Coronavirus Job Retention Scheme

The Chancellor recently set out more detail on how the Coronavirus Job Retention Scheme will continue to support jobs and business as people return to work. Here’s what we know so far:

  • From 1 July 2020, businesses will be given the flexibility to bring furloughed employees back part time. This is a month earlier than previously announced to help support people back to work. Individual firms will decide the hours and shift patterns their employees will work on their return, so that they can decide on the best approach for them – and will be responsible for paying their wages while in work.
  • From August 2020, the level of government grant provided through the job retention scheme will be slowly tapered to reflect that people will be returning to work. That means that for June and July the government will continue to pay 80% of people’s salaries. In the following months, businesses will be asked to contribute a modest share, but crucially individuals will continue to receive that 80% of salary covering the time they are unable to work.

To enable the introduction of part time furloughing, and to support those already furloughed back to work, claims from July onwards will be restricted to employers currently using the scheme and previously furloughed employees. The Coronavirus Job Retention Scheme will close to new entrants on 30 June, with the last three-week furloughs before that point commencing on 10 June.

From 1 July, employers will be able to agree any working arrangements with previously furloughed employees.

The scheme updates mean that the following will apply for the period people are furloughed:

  • June and July: The government will pay 80% of wages up to a cap of £2,500 as well as employer National Insurance (ER NICS) and pension contributions. Employers are not required to pay anything.
  • August: The government will pay 80% of wages up to a cap of £2,500. Employers will pay ER NICs and pension contributions – for the average claim, this represents 5% of the gross employment costs the employer would have incurred had the employee not been furloughed.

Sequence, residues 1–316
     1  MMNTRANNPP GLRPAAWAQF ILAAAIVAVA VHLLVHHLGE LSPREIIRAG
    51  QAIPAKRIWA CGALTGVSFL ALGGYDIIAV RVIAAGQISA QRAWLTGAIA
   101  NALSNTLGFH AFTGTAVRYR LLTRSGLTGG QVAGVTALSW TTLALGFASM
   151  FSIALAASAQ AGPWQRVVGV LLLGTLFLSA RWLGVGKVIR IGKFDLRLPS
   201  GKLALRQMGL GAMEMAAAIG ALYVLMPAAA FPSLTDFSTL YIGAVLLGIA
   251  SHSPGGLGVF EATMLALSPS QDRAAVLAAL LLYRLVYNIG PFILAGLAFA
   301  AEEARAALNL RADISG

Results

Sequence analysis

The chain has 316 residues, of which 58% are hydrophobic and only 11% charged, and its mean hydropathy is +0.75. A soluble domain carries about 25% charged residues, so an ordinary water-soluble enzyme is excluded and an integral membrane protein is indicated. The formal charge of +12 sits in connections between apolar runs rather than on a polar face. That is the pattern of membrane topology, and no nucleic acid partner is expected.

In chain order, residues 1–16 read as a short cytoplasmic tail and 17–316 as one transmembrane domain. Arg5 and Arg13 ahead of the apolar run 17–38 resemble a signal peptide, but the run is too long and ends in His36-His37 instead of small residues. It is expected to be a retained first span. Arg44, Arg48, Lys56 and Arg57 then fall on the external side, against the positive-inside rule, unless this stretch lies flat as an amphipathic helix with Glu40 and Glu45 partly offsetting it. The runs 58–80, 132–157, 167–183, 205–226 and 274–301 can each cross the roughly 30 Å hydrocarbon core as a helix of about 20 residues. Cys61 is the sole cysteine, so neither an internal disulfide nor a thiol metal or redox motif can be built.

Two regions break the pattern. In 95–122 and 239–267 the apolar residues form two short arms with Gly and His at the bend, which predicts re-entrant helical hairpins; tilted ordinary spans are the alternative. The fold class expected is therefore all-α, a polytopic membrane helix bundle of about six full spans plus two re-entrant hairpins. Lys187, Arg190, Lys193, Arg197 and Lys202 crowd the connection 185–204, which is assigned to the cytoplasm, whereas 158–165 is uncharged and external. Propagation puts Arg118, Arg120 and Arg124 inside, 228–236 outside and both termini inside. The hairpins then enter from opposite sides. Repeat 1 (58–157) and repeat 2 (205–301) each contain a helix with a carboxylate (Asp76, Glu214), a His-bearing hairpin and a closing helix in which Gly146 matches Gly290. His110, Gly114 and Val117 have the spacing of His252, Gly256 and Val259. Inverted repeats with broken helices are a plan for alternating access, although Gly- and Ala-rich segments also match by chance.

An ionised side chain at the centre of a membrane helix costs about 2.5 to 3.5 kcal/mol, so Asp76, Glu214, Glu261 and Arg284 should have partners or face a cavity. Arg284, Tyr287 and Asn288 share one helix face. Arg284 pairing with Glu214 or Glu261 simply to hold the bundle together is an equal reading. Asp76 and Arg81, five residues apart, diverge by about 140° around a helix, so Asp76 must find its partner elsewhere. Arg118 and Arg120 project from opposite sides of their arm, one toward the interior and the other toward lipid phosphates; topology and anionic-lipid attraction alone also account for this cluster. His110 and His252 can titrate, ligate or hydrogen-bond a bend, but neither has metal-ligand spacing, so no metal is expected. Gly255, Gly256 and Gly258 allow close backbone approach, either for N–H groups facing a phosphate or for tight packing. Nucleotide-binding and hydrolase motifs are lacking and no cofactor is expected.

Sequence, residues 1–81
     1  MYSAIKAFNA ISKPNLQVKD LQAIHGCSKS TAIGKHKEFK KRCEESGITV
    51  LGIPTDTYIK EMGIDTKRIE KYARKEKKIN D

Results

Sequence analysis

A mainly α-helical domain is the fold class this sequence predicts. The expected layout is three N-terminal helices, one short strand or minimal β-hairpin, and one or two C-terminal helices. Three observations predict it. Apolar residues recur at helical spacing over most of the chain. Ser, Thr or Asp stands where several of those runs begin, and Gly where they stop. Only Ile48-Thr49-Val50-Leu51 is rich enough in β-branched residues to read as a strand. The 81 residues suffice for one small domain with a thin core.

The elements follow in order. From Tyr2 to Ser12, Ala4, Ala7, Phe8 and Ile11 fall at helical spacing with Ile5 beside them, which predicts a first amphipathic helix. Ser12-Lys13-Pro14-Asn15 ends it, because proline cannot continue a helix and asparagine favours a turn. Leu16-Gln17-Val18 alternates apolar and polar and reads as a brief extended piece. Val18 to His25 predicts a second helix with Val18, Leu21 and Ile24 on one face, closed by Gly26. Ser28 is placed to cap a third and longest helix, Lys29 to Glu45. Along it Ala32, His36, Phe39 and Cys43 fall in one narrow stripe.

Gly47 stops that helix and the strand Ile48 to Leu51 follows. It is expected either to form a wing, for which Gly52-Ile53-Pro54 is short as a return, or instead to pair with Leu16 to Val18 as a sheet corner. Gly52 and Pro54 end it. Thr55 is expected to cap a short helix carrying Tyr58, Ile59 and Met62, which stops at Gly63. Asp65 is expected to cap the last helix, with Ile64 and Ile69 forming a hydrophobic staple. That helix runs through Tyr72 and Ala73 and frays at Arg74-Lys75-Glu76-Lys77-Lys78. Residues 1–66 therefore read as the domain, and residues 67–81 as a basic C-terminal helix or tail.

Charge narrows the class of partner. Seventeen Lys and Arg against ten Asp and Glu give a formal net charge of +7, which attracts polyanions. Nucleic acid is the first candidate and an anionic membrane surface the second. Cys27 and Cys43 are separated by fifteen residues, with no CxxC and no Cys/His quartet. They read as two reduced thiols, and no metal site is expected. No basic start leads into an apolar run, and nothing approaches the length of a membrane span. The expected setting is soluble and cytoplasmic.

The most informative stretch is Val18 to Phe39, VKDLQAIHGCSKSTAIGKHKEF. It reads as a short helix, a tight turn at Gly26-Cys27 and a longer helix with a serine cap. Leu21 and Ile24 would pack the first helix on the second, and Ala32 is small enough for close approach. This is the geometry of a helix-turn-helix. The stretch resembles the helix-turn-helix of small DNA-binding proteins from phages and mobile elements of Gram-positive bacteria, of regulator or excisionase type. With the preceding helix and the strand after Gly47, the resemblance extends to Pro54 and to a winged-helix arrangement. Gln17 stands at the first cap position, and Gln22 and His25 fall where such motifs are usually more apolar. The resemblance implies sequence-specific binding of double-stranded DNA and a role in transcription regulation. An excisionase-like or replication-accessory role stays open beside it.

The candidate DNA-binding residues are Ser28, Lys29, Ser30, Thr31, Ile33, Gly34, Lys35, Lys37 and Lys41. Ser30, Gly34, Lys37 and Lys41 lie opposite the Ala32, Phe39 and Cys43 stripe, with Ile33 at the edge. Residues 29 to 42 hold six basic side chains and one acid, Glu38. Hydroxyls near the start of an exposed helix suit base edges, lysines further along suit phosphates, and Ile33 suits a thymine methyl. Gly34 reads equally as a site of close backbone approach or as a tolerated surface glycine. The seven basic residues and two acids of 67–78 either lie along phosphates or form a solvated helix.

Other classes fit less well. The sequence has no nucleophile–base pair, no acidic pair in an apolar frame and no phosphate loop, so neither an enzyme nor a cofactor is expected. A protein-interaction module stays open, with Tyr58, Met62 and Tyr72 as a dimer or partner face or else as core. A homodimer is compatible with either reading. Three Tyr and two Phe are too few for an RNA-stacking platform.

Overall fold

• September: The government will pay 70% of wages up to a cap of £2,187.50. Employers will pay ER NICs and pension contributions and 10% of wages to make up 80% total up to a cap of £2,500. For the average claim, this represents 14% of the gross employment costs the employer would have incurred had the employee not been furloughed.
  • October: The government will pay 60% of wages up to a cap of £1,875. Employers will pay ER NICs and pension contributions and 20% of wages to make up 80% total up to a cap of £2,500. For the average claim, this represents 23% of the gross employment costs the employer would have incurred had the employee not been furloughed.

Employers will be required to submit data on the usual hours an employee would be expected to work in a claim period and actual hours worked. Employees who believe they are not getting their 80% share can also report any concerns to the HMRC fraud hotline and HMRC have confirmed that they will not hesitate to take action against those found to be abusing the scheme.

Whilst the introduction of part-time furlough a month sooner is welcomed, the system will become more complex to manage and care needs to be taken to ensure staff are paid the correct amount and claims to HMRC are accurately calculated.

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